Loyola Seminary (built 1932-34) is of State significance as a critical and monumental expression of the decision by the Society of Jesus to concentrate its ministry in Melbourne under Archbishop Mannix. It provided for full traning of Jesuit clergy in Australia for the first time, and for lay retreats . In its support of lay spiritual and intellectual life, the Jesuit ministry provided the foundations of many social initiatives - some of which had wide repercussions in Australia - which emanated from the Victorian Catholic church as part of the Catholic Action movement of the 1930s-1950s.
Loyola College also represents the concentration in Melbourne of the Australiasian headquarters of most Catholic religious orders, which occurred especially in the inter-war period. It is, further, a major expression of the spirituality, confidence, vitality and social purpose of the Catholic Church, and especially the Victorian Catholic Church, in the 30 years prior to the radical reappraisals of the Second Vatican Council.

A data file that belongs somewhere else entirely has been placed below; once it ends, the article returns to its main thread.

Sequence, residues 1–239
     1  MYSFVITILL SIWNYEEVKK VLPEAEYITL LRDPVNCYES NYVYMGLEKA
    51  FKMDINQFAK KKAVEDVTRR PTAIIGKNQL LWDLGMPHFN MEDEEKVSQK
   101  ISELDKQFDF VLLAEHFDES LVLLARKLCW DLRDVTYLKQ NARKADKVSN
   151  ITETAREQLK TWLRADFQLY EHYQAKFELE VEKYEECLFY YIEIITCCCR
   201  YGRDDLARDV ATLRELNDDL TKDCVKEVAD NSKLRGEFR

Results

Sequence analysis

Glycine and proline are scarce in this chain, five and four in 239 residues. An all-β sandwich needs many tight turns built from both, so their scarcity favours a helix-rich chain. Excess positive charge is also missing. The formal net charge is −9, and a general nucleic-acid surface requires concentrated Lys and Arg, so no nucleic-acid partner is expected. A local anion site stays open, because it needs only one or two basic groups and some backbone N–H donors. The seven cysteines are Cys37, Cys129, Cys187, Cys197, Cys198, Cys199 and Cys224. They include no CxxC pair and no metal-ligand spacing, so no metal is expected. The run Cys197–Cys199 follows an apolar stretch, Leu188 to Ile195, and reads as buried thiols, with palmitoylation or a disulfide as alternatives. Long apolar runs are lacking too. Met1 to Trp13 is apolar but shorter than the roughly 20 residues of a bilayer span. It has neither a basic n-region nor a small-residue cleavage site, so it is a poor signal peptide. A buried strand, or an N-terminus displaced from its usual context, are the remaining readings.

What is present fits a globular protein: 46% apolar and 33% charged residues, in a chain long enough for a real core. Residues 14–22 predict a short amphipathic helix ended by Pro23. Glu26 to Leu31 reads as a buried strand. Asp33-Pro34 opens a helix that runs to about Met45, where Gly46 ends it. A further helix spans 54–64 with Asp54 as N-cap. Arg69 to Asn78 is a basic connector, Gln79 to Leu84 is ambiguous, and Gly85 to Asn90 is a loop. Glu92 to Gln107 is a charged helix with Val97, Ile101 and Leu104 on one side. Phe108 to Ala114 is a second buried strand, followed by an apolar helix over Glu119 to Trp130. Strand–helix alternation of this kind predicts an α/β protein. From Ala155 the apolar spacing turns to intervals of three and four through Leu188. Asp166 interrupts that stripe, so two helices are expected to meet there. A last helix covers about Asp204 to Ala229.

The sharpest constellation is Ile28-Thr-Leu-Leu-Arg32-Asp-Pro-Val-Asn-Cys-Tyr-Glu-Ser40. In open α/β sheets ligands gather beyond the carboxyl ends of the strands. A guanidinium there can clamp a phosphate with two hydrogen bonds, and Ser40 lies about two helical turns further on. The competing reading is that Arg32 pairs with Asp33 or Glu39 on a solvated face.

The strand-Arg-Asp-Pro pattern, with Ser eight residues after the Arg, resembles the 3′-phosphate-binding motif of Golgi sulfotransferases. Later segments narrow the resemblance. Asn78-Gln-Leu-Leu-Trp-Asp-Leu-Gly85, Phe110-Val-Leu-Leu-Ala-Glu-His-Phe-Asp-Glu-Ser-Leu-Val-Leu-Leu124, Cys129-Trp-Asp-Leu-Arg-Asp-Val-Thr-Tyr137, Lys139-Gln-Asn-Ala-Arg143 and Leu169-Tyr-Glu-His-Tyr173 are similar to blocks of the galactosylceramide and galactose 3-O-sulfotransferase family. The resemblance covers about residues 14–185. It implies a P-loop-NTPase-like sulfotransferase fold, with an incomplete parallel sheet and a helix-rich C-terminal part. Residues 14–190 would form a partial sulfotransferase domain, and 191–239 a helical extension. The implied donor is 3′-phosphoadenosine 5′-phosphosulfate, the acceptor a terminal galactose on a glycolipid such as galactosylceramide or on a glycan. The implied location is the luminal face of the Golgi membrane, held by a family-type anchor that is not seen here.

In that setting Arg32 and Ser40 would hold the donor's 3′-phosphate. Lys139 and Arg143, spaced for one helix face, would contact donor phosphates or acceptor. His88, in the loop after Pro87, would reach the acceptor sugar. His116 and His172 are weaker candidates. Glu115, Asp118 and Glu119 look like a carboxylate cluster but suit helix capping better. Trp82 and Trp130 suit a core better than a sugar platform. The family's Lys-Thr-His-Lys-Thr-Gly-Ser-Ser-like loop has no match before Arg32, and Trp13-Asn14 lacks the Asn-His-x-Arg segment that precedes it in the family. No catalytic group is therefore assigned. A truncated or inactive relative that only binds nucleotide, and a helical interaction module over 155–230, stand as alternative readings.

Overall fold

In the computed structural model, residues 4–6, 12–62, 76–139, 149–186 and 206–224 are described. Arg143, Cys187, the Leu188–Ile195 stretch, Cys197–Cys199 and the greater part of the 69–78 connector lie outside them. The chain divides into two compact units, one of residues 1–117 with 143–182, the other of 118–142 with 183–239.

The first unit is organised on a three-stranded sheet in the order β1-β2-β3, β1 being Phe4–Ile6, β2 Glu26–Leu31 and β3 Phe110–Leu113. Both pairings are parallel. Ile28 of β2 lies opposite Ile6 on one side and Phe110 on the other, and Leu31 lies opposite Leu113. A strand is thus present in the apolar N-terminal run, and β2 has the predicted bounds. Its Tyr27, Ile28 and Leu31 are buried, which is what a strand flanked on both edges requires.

With its architectural unity, size, garden and location atop one of the highest points in Melbourne, the building has been a monumental and distinctive landmark since its construction. The roughcast medieval/castellated style of the complex, designed and built by Robert Harper, is notable for its inclusion of an almost "skyscraper" vertical emphasis in the central tower marking the entrance. The interiors are also well-preserved, and evocative of the medieval intentions; the library and chapel are notably ornate for the period.